Further, as to creditors' and testamentary rights, nothing in the new law or in its legislative history suggests that maintenance, unlike a property settlement, will be any more susceptible than alimony to assignment, encumbrance or bequest (see Weintraub v Weintraub, 302 N.Y. 104; Romaine v Chauncey, 129 N.Y. 566, 573-575; Baskin Co. v Howe, 225 App. Div. 553). Also unlike property, maintenance owed a spouse in bankruptcy is exempted from the bankrupt's estate because it is analogized to future earnings (see US Code, tit 11, § 522, subd [d], par , cl [D]; HR Rep No. 95-595, 95th Cong, 1st Sess, p 362 [reprinted at US Code Ann, tit 11, § 522, p 399]); and it is not discharged as a debt owed by an obligor spouse in bankruptcy (see US Code, tit 11, § 523, subd [a], par ). Federal law, rather than State law, will characterize an obligation as maintenance or property for this purpose (see HR Rep No. 95-595, 95th Cong, 1st Sess, p 363 [reprinted at US Code Ann, tit 11, § 523, p 508]). Further still, unlike a property settlement, maintenance is subject to modification after judgment because of changed circumstances such as financial hardship, remarriage or death (see Domestic Relations Law, § 236, part B, subd 1, par a; subd 9, par b).
Despite the flexibility of the new law fixing the economic incidents of marital dissolution, in view of the significant practical consequences, e.g., tax consequences, that flow from the operation of the Equitable Distribution Law, the proprietary nature of the relief awarded in the working-spouse-student-spouse situation must be ascertained and appreciated. The expert, in evaluating the financial circumstances of the parties, must avoid misleading assumptions about the proprietary nature of plaintiff husband's business degree and the tax consequences of defendant wife's distributive and maintenance awards.
DISCUSSION: RECOGNITION OF SPOUSAL CONTRIBUTIONS
Having deducted $250 from the requested $750 in expert's fees based on its exclusion of the plaintiff husband's business degree from marital property, Special Term approved the award of $500 in expert fees to determine the value, inter alia, of defendant wife's "homemaker services, if any". The court's decision noted that she "may have made contributions" during their marriage, which "enabled her husband to attain his degree and employment". In so ruling, the court implicitly denigrated her contributions to the marriage without any evidence in this record, apparently on the assumption that only certain of her contributions are recognized under the Equitable Distribution Law. Curiously, defendant wife herself likewise surrenders the high ground by asking that the expert be paid to evaluate her claim to reimbursement for her lost career opportunity as a modestly paid teacher, an obviously less ambitious claim than an outright demand that her marital contributions as a homemaker per se are by virtue of the new law presumed to be equal to those of her high-salaried investment adviser spouse, at least in the absence of evidence to the contrary (see Posner, Economic Analysis of Law [2d ed], § 5.3, pp 108-109; § 6.13, pp 145-146). Plaintiff husband, of course, takes the extreme view that his business degree and his earnings are the product of his sole effort.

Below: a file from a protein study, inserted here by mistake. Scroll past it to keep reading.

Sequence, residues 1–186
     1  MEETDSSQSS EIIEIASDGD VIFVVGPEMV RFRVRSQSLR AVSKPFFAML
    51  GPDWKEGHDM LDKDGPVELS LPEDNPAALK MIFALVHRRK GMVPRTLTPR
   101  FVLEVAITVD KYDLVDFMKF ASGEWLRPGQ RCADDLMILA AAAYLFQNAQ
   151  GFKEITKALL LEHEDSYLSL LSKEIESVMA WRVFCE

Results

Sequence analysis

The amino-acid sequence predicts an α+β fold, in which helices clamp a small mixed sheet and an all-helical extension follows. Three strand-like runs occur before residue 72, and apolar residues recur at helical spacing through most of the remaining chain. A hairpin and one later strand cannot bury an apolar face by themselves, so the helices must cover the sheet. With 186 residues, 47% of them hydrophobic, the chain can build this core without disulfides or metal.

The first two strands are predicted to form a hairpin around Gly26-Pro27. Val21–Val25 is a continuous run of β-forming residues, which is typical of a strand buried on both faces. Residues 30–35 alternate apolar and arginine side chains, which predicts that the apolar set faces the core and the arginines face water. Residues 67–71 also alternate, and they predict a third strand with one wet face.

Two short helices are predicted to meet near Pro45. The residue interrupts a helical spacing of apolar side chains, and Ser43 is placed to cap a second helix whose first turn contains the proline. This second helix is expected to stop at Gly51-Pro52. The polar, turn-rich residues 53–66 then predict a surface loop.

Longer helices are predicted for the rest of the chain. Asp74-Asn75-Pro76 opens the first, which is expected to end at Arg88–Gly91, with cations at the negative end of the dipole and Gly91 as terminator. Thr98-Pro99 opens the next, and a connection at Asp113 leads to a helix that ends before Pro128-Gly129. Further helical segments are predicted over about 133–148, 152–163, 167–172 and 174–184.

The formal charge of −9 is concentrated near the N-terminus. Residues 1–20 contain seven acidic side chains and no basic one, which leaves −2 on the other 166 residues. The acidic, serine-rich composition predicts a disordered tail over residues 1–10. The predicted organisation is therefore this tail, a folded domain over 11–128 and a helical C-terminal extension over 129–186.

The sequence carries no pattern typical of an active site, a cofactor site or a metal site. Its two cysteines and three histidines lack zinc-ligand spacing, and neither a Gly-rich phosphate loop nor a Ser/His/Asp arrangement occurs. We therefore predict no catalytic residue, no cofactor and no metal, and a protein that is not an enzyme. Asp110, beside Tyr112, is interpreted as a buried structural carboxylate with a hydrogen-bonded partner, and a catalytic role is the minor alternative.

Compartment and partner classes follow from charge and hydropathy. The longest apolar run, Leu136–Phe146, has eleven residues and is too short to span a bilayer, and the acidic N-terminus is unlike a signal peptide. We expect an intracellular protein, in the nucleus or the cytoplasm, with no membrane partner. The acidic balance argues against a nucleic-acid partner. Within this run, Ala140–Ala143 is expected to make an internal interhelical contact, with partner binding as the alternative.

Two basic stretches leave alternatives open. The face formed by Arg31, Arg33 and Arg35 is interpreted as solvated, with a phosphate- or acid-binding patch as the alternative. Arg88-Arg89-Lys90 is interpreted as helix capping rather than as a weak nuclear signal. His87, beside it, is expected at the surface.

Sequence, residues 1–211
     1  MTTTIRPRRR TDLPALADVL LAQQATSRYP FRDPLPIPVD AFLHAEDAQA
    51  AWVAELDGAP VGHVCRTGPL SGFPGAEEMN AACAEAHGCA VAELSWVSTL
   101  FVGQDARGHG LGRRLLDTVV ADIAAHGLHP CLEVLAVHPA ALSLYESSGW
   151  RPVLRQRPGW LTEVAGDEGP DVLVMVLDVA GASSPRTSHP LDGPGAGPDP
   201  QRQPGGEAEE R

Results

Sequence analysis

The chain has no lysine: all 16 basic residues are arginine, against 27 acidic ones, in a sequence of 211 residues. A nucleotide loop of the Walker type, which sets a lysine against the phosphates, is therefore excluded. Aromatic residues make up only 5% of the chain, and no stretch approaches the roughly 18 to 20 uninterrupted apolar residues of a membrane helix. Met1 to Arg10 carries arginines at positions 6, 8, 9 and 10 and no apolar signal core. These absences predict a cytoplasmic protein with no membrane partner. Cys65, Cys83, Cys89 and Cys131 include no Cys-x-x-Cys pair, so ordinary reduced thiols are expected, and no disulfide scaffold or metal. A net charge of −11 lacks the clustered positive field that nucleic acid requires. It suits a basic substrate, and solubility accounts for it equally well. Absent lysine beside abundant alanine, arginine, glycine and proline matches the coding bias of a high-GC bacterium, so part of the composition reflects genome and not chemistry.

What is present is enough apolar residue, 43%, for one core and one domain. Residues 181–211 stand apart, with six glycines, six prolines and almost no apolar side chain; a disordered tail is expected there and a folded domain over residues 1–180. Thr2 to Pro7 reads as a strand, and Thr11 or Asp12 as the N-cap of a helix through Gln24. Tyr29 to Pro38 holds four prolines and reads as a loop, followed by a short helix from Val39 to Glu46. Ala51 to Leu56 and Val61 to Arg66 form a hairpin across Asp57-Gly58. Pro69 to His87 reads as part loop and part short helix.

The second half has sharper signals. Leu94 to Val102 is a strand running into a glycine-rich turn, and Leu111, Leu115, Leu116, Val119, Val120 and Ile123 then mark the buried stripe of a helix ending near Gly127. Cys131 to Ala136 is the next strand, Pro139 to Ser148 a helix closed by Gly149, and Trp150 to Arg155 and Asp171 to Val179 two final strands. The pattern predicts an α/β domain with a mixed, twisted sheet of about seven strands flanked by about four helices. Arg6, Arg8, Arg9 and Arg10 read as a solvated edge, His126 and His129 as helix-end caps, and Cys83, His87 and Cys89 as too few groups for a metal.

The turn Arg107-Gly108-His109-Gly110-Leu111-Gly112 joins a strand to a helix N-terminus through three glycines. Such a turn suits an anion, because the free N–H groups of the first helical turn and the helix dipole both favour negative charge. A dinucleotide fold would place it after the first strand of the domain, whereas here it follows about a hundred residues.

None of the positions taken by the parties or Special Term is correct. They completely ignore the new law's operating premise that the dissolution of a marriage in this State is to be regarded as the winding up of a partnership, and also ignore the new law's explicit nonpartnership provisions for rehabilitating or supporting a dependent spouse, i.e., one whose marketable skills, and therefore independence, have been sacrificed during the course of the marriage for the role of a homemaker.
According to the Assembly memorandum in support of the new law (11C Zett-Kaufman-Kraut, N Y Civ Prac, Appendix B, p 8): "The basic premise for the marital property and alimony ( now maintenance) reforms of this legislation ( § 236) is that modern marriage should be viewed as a partnership of co-equals. Upon the dissolution of a marriage there should be an equitable distribution of all family assets accumulated during the marriage and maintenance should rest on the economic basis of reasonable needs and the ability to pay. From this point of view, the contributions of each partner to the marriage should ordinarily be regarded as equal, and there should be an equal division of family assets, unless such a division would be inequitable under the circumstances of the particular case" (emphasis supplied).
For the record, it should be noted that both the first and second italicized portions are taken directly from page 8 of Appendix B of 11 C Zett-Kaufman-Kraut, New York Civil Practice. However, a revised memorandum appears on pages 129-130 of the 1980 New York Legislative Annual, which, while reaffirming the partnership principle, deletes the words "of co-equals" in the first italicized portion. This version was not published in Zett-Kaufman-Kraut.